On a more positive note, the RDX was the most fuel-efficient of the quintet during the comparison test, recording an average of only 9.8 L/100 km. We recalculated our numbers several times to make sure, as we were expecting a much higher result.

"The RDX is in search of an identity. Yet if you want performance but need the space, this Acura will serve you well." -Michel Deslauriers​

Front-seat space was deemed adequate and the front seats were considered very comfortable and supportive.​

2nd place: 2010 Mercedes-Benz GLK350 4MATIC
The GLK's base price is probably what spurred the creation of this comparison test. Its $41,800 MSRP seems affordable both by Mercedes-Benz and by luxury SUV standards. A side-by-side evaluation with rival SUVs would determine if the GLK is a worthy machine to wear a Mercedes logo.

With the GLK350, the dash to 100 km/h was recorded in 7.2 seconds with the manual mode.

On the outside, the GLK350 looks good, resembling a mini G-Class, with squared-off shoulders and angular proportions. It's svelte and seems smaller than it really is. On the other hand, we were a little disappointed with the interior styling; like in the C-Class, the cockpit feels cold and corporate. Fit and finish, however, is beyond reproach.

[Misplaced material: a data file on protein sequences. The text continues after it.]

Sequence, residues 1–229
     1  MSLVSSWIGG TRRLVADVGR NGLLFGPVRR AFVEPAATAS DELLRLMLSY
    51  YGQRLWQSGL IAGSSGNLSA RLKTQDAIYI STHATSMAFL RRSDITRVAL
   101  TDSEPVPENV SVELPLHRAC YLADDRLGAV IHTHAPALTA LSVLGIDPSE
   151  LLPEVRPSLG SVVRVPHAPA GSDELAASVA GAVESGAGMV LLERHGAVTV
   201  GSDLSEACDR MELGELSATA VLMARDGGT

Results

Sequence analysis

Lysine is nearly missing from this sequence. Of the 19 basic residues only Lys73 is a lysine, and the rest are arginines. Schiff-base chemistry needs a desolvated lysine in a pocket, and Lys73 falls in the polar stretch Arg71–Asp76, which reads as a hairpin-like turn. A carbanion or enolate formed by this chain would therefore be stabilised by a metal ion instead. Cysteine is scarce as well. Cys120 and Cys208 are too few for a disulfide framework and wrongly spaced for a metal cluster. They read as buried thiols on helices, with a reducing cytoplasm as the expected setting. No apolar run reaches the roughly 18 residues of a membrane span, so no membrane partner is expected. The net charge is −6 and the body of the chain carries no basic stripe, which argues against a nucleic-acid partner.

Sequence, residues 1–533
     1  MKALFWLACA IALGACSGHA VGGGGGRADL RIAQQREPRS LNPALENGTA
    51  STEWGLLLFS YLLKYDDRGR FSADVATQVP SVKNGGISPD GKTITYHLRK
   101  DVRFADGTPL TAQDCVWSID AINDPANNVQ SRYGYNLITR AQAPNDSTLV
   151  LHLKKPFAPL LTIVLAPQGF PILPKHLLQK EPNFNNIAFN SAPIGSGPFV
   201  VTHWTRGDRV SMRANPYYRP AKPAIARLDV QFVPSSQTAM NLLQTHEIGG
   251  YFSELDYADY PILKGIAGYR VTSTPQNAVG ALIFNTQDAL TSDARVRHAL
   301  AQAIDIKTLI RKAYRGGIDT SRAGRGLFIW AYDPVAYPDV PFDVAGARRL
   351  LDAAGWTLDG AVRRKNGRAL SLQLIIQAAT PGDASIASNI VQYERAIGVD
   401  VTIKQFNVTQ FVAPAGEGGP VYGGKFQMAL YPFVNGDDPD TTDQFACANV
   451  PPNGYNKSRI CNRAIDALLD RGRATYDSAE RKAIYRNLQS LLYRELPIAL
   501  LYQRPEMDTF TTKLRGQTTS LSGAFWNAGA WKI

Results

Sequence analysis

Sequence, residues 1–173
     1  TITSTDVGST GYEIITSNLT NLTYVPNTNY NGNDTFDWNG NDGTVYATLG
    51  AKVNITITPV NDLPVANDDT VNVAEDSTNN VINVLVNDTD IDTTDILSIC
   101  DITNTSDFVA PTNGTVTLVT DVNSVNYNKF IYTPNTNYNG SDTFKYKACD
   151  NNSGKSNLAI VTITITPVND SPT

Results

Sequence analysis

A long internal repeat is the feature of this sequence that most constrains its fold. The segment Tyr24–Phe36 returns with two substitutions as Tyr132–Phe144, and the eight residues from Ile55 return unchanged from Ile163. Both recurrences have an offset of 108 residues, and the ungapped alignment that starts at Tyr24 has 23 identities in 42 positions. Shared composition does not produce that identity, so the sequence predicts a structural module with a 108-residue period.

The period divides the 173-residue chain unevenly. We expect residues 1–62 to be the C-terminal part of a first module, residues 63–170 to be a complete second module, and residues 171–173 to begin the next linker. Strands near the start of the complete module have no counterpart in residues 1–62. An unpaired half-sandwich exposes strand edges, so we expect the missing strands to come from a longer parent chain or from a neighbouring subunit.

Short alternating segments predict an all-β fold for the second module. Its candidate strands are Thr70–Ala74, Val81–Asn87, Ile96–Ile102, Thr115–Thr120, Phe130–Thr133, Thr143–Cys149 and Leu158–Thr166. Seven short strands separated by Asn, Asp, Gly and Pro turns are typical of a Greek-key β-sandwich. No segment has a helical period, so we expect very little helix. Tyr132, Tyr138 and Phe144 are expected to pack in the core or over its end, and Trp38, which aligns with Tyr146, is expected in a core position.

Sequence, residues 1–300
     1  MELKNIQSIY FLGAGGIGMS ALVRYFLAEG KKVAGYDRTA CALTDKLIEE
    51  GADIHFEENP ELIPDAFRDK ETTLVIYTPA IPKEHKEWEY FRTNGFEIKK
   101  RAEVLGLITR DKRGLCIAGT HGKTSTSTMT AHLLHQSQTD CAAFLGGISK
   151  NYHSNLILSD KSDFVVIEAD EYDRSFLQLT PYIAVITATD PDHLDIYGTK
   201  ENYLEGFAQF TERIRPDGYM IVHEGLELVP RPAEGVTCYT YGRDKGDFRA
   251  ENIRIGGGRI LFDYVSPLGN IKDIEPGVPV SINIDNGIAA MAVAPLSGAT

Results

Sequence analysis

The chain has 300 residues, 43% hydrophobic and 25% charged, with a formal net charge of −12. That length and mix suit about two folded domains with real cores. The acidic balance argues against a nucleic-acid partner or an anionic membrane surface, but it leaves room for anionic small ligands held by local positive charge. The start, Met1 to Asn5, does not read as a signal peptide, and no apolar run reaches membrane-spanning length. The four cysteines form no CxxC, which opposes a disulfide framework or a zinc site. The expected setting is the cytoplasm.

One thing that really bugged us is the fat door sills; you can't climb out without rubbing your leg on the rocker panel. You all know what your pants will look like during the winter months.

The centre stack switchgear also drew some criticism. The climate control buttons are small and located too low, while the radio display didn't impress much. The rear bench is accommodating for two adults, but three across is pushing it a little. The cargo area is the smallest of the bunch, but the hatch opening is wide and the power tailgate operates quickly.

The GLK's V6 doesn't feel very punchy, but it didn't prevent the SUV from posting the lowest acceleration numbers; the dash to 100 km/h was recorded in 7.2 seconds with the manual mode, while offering the quietest cabin at wide-open throttle. In addition, the Mercedes' fuel consumption is reasonable, averaging 11.9 L/100 km.

Still wearing its winter tires like the RDX, braking performance suffered a little. Dynamically, the GLK's overboosted steering lacks precision on twisty roads, although it's less of a problem on the highway. The Mercedes doesn't handle as sharply as the CX-7 and RDX, but its ride is more than acceptable.

The GLK350 is an attractive SUV that has a personality which has yet to be identified. Is it a truck or a high-riding C-Class? Probably the latter, but its square-jawed shape ensures that truck buyers will find something that will please them. Unfortunately for the Mercedes, another contender here surpassed it in the final scoring.